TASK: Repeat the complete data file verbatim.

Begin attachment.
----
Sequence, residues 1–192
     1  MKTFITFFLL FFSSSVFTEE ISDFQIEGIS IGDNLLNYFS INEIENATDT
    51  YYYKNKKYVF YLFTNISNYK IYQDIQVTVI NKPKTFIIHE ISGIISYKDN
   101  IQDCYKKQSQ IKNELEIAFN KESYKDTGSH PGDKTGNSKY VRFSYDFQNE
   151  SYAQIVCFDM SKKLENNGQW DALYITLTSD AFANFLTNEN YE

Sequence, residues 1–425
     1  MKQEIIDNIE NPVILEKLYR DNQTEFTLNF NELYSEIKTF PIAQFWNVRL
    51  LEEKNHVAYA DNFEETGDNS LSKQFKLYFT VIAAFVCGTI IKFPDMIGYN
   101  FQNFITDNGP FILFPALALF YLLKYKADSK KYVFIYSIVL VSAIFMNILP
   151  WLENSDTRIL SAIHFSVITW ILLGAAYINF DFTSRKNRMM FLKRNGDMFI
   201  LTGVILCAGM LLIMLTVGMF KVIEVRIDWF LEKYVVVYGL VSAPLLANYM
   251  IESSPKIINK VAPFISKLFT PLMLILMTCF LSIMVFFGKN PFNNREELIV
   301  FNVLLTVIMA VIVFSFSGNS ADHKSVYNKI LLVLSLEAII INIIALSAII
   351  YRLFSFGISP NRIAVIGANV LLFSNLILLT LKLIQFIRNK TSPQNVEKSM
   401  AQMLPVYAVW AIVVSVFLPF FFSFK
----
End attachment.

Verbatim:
Sequence, residues 1–192
     1  MKTFITFFLL FFSSSVFTEE ISDFQIEGIS IGDNLLNYFS INEIENATDT
    51  YYYKNKKYVF YLFTNISNYK IYQDIQVTVI NKPKTFIIHE ISGIISYKDN
   101  IQDCYKKQSQ IKNELEIAFN KESYKDTGSH PGDKTGNSKY VRFSYDFQNE
   151  SYAQIVCFDM SKKLENNGQW DALYITLTSD AFANFLTNEN YE

Sequence, residues 1–425
     1  MKQEIIDNIE NPVILEKLYR DNQTEFTLNF NELYSEIKTF PIAQFWNVRL
    51  LEEKNHVAYA DNFEETGDNS LSKQFKLYFT VIAAFVCGTI IKFPDMIGYN
   101  FQNFITDNGP FILFPALALF YLLKYKADSK KYVFIYSIVL VSAIFMNILP
   151  WLENSDTRIL SAIHFSVITW ILLGAAYINF DFTSRKNRMM FLKRNGDMFI
   201  LTGVILCAGM LLIMLTVGMF KVIEVRIDWF LEKYVVVYGL VSAPLLANYM
   251  IESSPKIINK VAPFISKLFT PLMLILMTCF LSIMVFFGKN PFNNREELIV
   301  FNVLLTVIMA VIVFSFSGNS ADHKSVYNKI LLVLSLEAII INIIALSAII
   351  YRLFSFGISP NRIAVIGANV LLFSNLILLT LKLIQFIRNK TSPQNVEKSM
   401  AQMLPVYAVW AIVVSVFLPF FFSFK